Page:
Three types of basil are used in Thai cuisine: sweet, anise flavoured, purple-flowered horapa (which we call Thai basil); maenglak – lemon flavoured and least commonly used, and kaprao – holy basil, the type most dear to Thai people. Last spring I found Holy Basil seedlings for sale at the Avondale Markets (look for the Thai family selling herb seedlings and bromeliads, at the beginning of one of the aisles). I promptly planted six of them in different spots of my garden and they’re now ready to harvest. Interestingly, the plants don’t seem to go to flower as rapidly as regular basil or Thai basil, which is handy.
Before this I had never seen holy basil leaves or living plants for sale. And neither had I ever been served holy basil in a Thai restaurant here – despite the fact they use the word ”kaprao” on the menu, it’s inevitably Thai basil that is used as a substitute. And a poor substitute it is, really. I love Thai basil, but its unmistakable anise kick is completely different to the more complex and hard to describe flavour of holy basil. Raw, it’s more peppery than anything else, but when cooked its minty flavour and savoury base come to the fore.The leaves are thin, with jagged edges, and there are red (purple) and green varieties – the red has a more pronounced flavour.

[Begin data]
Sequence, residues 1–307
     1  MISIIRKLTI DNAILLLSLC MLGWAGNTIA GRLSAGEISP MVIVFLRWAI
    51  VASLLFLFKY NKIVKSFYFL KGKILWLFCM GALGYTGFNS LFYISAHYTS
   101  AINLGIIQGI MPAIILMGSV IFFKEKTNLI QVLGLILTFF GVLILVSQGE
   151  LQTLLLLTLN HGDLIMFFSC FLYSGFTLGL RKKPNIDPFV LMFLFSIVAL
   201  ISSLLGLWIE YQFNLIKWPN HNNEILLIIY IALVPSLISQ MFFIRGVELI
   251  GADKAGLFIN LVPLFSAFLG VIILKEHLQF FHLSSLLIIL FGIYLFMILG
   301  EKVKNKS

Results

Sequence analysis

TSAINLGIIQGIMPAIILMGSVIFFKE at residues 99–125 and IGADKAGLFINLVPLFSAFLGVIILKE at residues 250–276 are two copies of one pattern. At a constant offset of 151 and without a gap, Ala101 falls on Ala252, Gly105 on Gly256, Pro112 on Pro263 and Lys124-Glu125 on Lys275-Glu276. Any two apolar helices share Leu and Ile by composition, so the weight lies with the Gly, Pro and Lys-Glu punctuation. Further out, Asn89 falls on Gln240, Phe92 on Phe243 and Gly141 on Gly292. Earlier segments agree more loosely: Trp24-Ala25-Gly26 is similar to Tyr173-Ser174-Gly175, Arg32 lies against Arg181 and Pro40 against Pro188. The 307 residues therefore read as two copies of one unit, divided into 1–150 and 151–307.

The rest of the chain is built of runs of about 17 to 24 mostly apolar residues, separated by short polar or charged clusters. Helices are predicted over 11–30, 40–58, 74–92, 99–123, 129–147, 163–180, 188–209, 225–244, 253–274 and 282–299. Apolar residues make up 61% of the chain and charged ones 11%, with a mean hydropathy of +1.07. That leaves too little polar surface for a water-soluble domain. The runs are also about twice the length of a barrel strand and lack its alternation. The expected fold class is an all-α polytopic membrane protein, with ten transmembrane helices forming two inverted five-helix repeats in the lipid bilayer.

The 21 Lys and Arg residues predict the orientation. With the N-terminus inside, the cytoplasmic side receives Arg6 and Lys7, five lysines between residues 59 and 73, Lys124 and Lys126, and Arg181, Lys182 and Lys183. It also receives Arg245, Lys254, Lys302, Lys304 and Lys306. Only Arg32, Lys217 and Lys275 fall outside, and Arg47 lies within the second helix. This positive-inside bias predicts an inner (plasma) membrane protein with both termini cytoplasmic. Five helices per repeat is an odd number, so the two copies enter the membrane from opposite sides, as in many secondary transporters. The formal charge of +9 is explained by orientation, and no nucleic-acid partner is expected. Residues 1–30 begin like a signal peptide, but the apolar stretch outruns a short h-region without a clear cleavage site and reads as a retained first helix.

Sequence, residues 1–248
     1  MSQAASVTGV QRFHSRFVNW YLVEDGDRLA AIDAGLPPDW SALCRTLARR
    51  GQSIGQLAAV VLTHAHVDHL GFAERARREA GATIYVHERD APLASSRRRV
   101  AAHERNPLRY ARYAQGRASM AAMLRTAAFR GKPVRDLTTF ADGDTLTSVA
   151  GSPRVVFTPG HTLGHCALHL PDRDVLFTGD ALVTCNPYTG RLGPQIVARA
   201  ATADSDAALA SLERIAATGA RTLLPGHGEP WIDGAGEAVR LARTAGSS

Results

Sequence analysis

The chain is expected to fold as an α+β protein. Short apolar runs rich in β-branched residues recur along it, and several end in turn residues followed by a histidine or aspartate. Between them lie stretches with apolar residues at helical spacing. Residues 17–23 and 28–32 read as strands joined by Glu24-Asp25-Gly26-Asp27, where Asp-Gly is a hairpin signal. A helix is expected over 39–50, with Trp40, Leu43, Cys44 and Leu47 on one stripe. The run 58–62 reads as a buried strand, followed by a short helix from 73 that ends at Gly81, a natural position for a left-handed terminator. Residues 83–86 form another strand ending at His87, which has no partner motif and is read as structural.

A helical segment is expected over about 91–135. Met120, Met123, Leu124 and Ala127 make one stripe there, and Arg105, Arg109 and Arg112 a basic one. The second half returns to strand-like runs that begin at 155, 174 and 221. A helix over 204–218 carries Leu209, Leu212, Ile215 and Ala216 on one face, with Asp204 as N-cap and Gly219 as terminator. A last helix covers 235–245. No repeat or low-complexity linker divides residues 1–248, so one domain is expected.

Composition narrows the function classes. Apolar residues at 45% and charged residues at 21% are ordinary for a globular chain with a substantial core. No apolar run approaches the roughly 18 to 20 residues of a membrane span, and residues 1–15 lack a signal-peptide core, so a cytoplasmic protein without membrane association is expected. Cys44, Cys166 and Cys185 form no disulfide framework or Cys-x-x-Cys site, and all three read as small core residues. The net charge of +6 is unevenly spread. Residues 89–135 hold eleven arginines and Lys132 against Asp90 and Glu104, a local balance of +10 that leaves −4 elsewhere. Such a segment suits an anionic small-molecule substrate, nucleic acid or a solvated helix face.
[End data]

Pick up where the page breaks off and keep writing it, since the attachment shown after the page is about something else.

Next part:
Use holy basil in Thai stirfries – pad kaprao. You can either add the leaves toward the end of cooking, or you can also fry the leaves in a little oil to crispen them and preserve their colour, then use to garnish stirfries, soups and salads.
* The plants do well in containers and are said to ward off mosquitoes, another good reason to have a few out on the deck or patio in summer!
* Tulsi, as it’s known in India, is an important purifying herb in Ayuverdic thinking.